Relative risks of radiation-associated cancer: comparison of second cancer in therapeutically irradiated populations with the Japanese atomic bomb survivors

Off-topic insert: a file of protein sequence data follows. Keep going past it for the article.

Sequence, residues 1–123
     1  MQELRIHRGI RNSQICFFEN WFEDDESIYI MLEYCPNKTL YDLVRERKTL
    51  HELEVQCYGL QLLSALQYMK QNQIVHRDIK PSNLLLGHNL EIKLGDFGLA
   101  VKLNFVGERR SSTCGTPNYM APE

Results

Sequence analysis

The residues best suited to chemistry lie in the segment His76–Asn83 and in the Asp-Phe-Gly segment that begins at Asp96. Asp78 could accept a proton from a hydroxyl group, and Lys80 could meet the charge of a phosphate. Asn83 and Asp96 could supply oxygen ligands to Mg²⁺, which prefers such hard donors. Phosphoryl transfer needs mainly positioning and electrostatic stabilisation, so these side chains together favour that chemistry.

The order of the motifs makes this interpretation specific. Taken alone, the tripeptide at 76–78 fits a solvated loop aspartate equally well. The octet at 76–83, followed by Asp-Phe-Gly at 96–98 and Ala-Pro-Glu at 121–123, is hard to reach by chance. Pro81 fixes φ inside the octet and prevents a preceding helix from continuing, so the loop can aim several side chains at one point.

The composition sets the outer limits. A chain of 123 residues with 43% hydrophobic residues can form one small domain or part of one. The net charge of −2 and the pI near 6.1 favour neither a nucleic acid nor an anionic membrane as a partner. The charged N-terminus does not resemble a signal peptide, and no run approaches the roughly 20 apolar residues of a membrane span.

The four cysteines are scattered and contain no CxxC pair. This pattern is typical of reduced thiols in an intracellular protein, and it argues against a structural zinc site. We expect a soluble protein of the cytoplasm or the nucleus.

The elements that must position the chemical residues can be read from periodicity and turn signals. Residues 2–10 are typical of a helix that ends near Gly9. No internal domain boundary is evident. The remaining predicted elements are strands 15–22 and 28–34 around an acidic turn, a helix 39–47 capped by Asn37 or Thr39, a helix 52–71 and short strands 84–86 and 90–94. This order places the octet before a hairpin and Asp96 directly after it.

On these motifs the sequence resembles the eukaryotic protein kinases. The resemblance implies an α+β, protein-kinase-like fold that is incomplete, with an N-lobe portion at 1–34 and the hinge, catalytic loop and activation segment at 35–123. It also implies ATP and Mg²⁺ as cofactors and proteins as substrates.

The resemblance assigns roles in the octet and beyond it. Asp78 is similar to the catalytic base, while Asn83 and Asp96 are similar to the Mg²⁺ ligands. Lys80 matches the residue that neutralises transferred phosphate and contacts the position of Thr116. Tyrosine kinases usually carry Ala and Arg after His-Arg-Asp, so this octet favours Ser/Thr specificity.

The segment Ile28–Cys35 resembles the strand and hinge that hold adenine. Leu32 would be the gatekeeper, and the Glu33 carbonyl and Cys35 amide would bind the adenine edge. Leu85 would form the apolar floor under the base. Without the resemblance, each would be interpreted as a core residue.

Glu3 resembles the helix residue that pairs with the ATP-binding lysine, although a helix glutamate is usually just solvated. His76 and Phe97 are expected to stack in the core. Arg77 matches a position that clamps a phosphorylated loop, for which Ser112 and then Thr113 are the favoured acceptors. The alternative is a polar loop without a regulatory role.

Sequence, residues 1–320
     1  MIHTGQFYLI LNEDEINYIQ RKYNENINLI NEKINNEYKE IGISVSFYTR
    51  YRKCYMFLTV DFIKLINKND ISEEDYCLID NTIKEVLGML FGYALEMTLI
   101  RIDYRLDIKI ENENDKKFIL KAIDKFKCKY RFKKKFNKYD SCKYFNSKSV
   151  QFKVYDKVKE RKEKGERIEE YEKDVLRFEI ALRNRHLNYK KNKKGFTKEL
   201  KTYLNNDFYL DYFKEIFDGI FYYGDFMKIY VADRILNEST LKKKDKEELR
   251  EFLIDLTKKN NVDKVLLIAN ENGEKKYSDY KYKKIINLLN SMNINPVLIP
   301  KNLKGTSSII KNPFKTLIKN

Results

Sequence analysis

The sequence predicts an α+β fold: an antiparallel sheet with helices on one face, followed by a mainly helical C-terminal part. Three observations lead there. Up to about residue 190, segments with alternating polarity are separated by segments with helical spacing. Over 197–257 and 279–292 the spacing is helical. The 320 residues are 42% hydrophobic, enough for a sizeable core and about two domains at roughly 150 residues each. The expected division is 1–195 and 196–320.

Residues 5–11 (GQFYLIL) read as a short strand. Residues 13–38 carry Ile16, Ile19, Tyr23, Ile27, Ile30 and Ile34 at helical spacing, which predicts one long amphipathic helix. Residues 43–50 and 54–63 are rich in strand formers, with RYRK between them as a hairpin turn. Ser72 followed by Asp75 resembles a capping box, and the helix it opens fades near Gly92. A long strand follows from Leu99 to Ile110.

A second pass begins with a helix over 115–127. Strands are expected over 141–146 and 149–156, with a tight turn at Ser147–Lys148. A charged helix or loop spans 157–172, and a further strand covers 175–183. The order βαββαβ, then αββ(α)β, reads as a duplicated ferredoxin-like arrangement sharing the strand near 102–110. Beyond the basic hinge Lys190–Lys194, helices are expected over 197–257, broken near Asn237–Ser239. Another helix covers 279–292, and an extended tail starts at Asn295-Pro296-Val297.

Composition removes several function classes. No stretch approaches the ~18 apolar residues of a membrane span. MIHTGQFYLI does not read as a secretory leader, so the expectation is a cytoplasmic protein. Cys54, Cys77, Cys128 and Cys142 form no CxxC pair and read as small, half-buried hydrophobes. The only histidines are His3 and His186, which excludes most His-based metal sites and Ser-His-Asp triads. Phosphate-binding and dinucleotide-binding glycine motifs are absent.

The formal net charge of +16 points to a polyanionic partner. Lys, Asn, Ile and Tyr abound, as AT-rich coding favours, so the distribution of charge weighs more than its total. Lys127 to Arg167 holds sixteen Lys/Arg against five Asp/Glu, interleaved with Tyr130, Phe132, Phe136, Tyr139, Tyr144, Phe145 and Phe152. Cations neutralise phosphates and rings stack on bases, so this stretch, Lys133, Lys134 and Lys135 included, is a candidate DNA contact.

In this paper the radiation-associated relative risks of second primary cancer incidence in groups treated for first primary cancer by radiotherapy are compared with radiation-associated relative risk estimates in the Japanese atomic bomb survivor cancer incidence data. For four cancer sites, namely lung cancer, bone cancer, ovarian cancer and leukaemia, the relative risks in the comparable (age at exposure, time since exposure, sex matched) subsets of the Japanese data are significantly greater than those in the majority of second cancer studies. Even when the differences between the relative risks in the Japanese atomic bomb survivors and the medical series do not approach conventional levels of statistical significance, relative risks tend to be higher in the Japanese data than in the second cancer studies. At least for leukaemia, the discrepancy between the Japanese and second cancer risks can be largely explained by cell- sterilisation effects. There are few indications of modification of radiation-associated second cancer relative risk among those treated with adjuvant chemotherapy, nor are there strong indications of modification of radiation- associated relative risk by heritable genetic factors. If anything, there is evidence that second cancer relative excess risks are lower among those patients with cancer-prone disorders than among non-susceptible patients. However, the higher underlying cancer risk in some of these medically exposed populations should also be considered, in particular for those with cancer-prone conditions, so that the absolute excess risk is sometimes higher than in the Japanese data.
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